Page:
Added May 10, 2011
I thought up the design for this jacket about two years ago, when I was looking through my digital collection of Medieval & Renaissance paintings. I really liked the idea that the bottom of the armhole would be open, so you could see whatever shirt you were wearing underneath.
I used the Butterick costume pattern 4827, view A, and cut off the skirt to shorten it to jacket-length.
I sewed the sleeves seperately, lining them and finishing the wrist seam off with bias tape. When I finished sewing together the body pieces, I attached the plaid lining and seamed the armholes with black bias too. Then (using a large gauge upholstery needle) I handstitched the cording through the sleeve and the jacket, to make a sort of lacing to hold the sleeves to the body. I also used the cord to make button loops to close the jacket in the front. I love the way the peplums spread over the hips when you put the jacket on — it makes your waist look tiny!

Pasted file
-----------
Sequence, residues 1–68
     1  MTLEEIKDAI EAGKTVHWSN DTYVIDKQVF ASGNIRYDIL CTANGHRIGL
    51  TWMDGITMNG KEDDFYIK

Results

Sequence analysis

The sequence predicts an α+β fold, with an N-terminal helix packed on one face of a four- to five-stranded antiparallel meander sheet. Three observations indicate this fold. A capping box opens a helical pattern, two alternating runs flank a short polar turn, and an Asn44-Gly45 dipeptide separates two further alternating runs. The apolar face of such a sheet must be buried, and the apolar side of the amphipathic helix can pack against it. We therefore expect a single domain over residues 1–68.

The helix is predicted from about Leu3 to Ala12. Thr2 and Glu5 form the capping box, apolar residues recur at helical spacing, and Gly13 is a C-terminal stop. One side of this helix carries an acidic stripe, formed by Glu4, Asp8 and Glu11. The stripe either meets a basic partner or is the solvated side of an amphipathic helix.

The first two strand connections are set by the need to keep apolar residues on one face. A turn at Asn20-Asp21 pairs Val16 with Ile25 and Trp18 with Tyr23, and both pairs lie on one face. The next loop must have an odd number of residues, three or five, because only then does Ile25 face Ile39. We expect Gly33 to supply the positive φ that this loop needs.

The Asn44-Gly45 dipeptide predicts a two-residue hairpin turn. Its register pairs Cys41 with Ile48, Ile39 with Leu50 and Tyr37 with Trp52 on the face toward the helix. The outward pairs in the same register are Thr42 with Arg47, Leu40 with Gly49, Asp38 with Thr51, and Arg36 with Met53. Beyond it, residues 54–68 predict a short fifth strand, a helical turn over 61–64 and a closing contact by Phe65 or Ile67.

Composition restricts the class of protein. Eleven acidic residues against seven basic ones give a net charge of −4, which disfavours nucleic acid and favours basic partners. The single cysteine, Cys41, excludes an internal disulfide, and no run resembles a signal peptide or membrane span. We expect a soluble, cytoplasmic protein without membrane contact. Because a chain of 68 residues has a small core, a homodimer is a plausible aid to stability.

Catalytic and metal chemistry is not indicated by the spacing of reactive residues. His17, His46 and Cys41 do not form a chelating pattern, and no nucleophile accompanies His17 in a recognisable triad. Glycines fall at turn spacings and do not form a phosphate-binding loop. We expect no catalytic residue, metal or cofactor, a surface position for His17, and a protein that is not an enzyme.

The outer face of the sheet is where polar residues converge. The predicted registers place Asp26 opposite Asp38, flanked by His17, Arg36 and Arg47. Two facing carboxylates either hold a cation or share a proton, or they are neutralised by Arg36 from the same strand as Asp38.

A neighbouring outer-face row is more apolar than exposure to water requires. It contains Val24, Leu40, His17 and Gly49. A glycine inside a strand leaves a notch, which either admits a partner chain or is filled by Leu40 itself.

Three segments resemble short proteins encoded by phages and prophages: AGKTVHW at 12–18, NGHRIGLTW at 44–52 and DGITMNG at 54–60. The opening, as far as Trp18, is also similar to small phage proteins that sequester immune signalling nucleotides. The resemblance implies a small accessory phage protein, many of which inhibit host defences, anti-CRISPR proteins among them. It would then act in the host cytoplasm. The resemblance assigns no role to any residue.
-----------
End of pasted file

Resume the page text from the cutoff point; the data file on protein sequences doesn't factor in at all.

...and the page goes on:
By the way, while the jacket can be worn with regular clothes, it’s historically accurate enough to double as a great costume. The sixth picture I have posted on here is of me wearing it over a grey medieval underdress that I made for another costume.
As a side-note, I apologize for the cat-fur that is clearly visible in the last detail photos… my cat Scarlett is very affectionate. :)
About two yards of black microsuede from my mom’s stash, two yards of green and black plaid cotton shirting, 2 yards black extrawide double fold bias tape, 2 yards of 1/16" black twisted cording, 8 silver 5/8" wide buttons, 3 yards heavyweight interfacing.
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